├─Father Adam     38
│ ├─Baby Val       9
│ └─Baby Dilbert   5
└─Aunt Gaga       35 

Tuesday, April 1, 2014

terminal-colors.d

I have already talked about it at g+. For util-linux we don't want to follow the current strange behavior when command-line utils have disabled colors by default, but distributions use shell aliases in profile files to revert the default.

It does not mean that we want ignore color blind people, obscure terminals or people who just don't like colors. The solution is to provide simple, elegant and package independent way how to control (disable) colorized output. And yes, aliases are not elegant.

The next util-linux release is going to introduce /etc/terminal-colors.d directory
to control colors for terminal utils. It's pretty simple:

Synopsis:
/etc/terminal-colors.d/[name.]disable
/etc/terminal-colors.d/name.enable
Examples:
  •  disable colors for all utils:
    # touch /etc/terminal-colors.d/disable 
    
  • disable colors for dmesg(1):
    # touch /etc/terminal-colors.d/dmesg.disable
  • disable colors for all utils except dmesg(1):
    # touch /etc/terminal-colors.d/disable
    # touch /etc/terminal-colors.d/dmesg.enable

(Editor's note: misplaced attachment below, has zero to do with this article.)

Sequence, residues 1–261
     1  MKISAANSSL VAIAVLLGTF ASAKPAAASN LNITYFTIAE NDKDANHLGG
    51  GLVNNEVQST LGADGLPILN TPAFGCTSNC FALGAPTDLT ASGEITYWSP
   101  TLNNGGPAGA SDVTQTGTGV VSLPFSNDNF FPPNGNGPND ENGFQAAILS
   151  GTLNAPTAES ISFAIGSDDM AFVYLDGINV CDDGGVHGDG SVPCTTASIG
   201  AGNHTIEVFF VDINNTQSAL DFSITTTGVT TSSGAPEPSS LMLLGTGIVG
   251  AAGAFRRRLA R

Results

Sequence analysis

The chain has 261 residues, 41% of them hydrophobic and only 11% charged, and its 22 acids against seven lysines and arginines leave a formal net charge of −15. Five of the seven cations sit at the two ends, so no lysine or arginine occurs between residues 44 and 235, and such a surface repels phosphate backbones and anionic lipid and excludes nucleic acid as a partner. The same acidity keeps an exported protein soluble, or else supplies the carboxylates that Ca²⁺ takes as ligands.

For utils from util-linux the command line option --color[={auto,never,always}] overrides the setting from terminal-colors.d (so if you for some reason love shell aliases then it's still possible...).

The terminal-colors.d concept is completely open, it would be nice to see it supported in another projects (hint: gcc, grep, coreutils:-) too. It's so trivial that all you need is a few access(F_OK) calls. The thing we maintain in util-linux is terminal-colors.d.5 man page only.

Maybe later for util-linux we will also use the directory (or/and copy in $HOME) to store color schemes.

Keep your Bike-sheds colorized! :-)

UPDATE: since v2.25:
  • $XDG_CONFIG_HOME/terminal-colors.d  or  $HOME/.config/terminal-colors.d overrides the global setting
  • terminal-colors.d is possible to use for color schemes
        echo 'alert 37;41' >> /etc/terminal-colors.d/dmesg.scheme
    changes color used for kernel alerts in dmesg output
  • synopsis is /etc/terminal-colors.d/[[name][@term].][type], it means that for example /etc/terminal-colors.d/@vt100.disable disables colors for all vt100 terminals
  • we have terminal-colors.d(5) man page with all details